As part of our apprentice panel podcasts, Joel Roach our apprentice panel host interviews new member Rhiannon Rees-Jones.

Rhiannon is a former level 3 business admin apprentice at Northamptonshire County Council.

As a mature apprentice, Rhiannon’s employer gave her the opportunity to do an apprenticeship to help progress her career,

I’m actually glad I did because it gave me the motivation I needed to excel in my current role, it's never too late to start a career

In the podcast, Rhiannon talks about her diagnosis of Asperger’s in her late twenties and the challenges she has had to overcome and why she wanted to join the apprentice panel

I wanted to be on the panel to share my life and experience, build up a network, and to give another voice for autism and continue raising awareness

To help raise awareness, Rhiannon is working with the Institute to help autistic people in apprenticeships,

I've already had a meeting with various panel members and the Institute members and giving them some of my ideas such as easy read material. And then I’m presenting at the meeting where I’ve got a bit of information on the spectrum on what to look out for like the behaviours to recognise. Hopefully, it will build a platform that will feed into the best practice guidance as well so it's all very interesting

On completion of her apprenticeship, Rhiannon achieved an overall grade of Distinction. She also achieved two Northamptonshire Health and Care Partnership awards, the Apprenticeship Award for ‘Behind the Scenes’ in Adult Social Care and ‘Apprentice of the Year’ 2020.

Podcast Transcript

Joel Roach

Hi, i'm Joel roach an apprentice at Microsoft and i'm also an apprentice panel member and I'll be hosting today's podcast for the apprentice panel podcast today. I'm joined by Rhiannon rees-jones welcome Rhiannon would you like to introduce yourself.

Rhiannon Rees-Jones

thank you so my name is Rhiannon Rees-Jones I work as a business support officer for the learning disability team part of what is currently Northamptonshire county council but as of the first of April we're going to be splitting into two unitaries and I'll be part of the west Northamptonshire council.

Joel Roach

well thank you so much for joining me today we'll dive straight into it so I want to ask first of all a couple of questions about your apprenticeship so what is your apprenticeship? what level was it?

Rhiannon Rees-Jones

I recently completed the business administrator level 3 apprenticeship last November.. which was brilliant because it really expanded on my skill set.

Joel Roach

so how did you initially find out about the apprenticeship um and about the fact that there was an opportunity that was open to you?

Rhiannon Rees-Jones

I think the first time was coming across an email from the learning resource hub so they had an information day so I thought i'd wander down and see what all the stores were, saw the apprenticeships and business have been on there i think at first i kind of wandered past a bit and then got called over so i thought well i'll get the forms and then after a while i was still umming and ahhing so i wasn't sure whether i'd be able to handle what was involved and whether i'd be have the qualifications to actually apply for it and then i had another email come round from my line manager's manager with the same information and then i thought why not i might as well do it i'll pursue it and my line manager my colleagues actually encouraged me as well and i'm actually glad i did because it gave me the motivation i needed to excel in my current role as well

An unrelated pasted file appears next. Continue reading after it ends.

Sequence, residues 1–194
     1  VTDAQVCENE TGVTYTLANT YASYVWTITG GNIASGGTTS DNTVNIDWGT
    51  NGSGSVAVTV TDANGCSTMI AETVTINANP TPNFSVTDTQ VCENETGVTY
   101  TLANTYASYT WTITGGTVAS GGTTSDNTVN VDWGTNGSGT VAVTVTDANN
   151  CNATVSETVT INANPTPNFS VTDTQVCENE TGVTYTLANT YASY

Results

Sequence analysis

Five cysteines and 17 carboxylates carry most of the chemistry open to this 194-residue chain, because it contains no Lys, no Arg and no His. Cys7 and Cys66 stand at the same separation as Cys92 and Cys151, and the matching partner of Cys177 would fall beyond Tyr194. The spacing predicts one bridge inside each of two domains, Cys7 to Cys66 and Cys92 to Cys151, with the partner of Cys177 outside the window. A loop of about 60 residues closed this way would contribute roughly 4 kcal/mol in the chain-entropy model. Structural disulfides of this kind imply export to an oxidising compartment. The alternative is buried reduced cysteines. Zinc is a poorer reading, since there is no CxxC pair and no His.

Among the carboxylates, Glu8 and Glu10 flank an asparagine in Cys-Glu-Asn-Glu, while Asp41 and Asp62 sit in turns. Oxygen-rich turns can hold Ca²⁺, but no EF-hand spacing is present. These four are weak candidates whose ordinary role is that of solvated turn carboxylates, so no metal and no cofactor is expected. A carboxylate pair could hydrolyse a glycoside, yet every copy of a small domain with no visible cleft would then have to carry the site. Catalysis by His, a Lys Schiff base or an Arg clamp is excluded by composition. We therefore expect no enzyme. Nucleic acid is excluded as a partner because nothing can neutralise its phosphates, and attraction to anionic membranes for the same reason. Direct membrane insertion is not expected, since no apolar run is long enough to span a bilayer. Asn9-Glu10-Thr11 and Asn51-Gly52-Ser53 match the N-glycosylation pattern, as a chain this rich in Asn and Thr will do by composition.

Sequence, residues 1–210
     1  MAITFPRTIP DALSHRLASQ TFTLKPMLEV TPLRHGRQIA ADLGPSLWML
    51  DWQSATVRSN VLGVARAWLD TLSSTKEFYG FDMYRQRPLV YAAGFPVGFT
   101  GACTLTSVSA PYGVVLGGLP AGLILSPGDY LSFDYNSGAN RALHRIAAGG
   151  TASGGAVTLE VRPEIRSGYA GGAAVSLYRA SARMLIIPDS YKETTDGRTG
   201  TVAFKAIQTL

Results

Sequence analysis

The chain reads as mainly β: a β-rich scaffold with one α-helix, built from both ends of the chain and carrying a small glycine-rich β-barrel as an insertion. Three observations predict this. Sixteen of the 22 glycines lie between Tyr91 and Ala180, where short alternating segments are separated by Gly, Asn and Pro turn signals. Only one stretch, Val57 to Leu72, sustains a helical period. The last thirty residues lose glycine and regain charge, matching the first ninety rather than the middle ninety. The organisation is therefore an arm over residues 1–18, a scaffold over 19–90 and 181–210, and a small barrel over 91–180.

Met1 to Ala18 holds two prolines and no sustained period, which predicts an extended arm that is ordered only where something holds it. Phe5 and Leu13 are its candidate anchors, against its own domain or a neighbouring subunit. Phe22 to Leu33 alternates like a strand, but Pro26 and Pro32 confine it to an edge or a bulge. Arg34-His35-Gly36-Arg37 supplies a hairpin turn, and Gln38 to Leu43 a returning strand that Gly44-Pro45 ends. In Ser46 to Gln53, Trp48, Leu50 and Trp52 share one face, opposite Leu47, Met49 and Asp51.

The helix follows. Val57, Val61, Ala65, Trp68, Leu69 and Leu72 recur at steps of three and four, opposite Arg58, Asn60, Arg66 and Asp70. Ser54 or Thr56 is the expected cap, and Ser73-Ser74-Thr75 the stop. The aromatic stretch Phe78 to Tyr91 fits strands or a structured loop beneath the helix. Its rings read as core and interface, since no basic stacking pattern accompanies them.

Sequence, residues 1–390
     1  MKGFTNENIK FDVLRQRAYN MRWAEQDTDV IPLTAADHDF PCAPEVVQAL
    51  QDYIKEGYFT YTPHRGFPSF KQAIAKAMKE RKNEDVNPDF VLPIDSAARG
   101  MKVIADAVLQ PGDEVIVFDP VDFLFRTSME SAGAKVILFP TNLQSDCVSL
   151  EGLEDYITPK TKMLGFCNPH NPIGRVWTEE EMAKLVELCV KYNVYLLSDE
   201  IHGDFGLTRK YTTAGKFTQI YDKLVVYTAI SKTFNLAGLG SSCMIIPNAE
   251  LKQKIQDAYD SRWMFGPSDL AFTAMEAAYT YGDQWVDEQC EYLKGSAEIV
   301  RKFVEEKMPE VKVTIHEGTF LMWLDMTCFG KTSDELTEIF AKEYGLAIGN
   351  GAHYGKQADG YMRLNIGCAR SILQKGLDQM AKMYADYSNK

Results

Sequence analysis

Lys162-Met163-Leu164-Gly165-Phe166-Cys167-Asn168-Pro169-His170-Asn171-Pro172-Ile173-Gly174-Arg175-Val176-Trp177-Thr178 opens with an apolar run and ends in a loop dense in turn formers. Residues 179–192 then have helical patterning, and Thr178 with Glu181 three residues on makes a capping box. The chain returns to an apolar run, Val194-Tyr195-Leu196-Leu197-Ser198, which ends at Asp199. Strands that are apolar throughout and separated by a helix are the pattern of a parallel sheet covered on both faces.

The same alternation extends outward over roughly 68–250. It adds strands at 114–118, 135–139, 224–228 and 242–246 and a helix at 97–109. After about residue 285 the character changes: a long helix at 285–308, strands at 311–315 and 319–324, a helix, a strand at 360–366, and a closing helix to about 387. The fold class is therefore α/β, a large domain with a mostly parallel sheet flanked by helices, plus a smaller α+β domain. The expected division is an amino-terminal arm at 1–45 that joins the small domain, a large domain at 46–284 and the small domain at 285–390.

Joel Roach

no that's amazing to hear um it's great there was so many people around you that were encouraging you to do this as well

Rhiannon Rees-Jones

yeah i think how a good support network is vital

Joel Roach

now you came into your apprenticeship um having already been established in your career for a few years um so how did you find being a more mature apprentice um how was that experience for you?

Rhiannon Rees-Jones

 it actually went a lot easier than i thought it was going to be of course i went in thinking they're all going to be younger than me and i'm probably going to be the only one that's older but then i thought well if you can go to university as a mature student why can't you do the same for an apprenticeship and then when it rather it was age restricted before that kind of put me down having the age limit lifted makes it so much easier as well it's never too late to start a career put it that way

Joel Roach

no absolutely that's a yeah that's a great message to put out there um you sort of mentioned there were lots of you know you weren't the only mature apprentice on the uh on the course um did you have a sort of special network with them did you have a chance to sort of share ideas and perspectives with them

Rhiannon Rees-Jones

 i had the chance to share perspectives with everyone because any one of the mature apprentices in my cohort and the other two are in their twenties but i think the mature apprentice i kind of got in touch with first so i think it was a lot easier and then i've done you brought the other two in and i was also able to encourage them to speak up when they needed to

Joel Roach

did you have a lot of learnings to share with the younger apprentices because you're already established in your career you've already got all this experience you've picked up along the way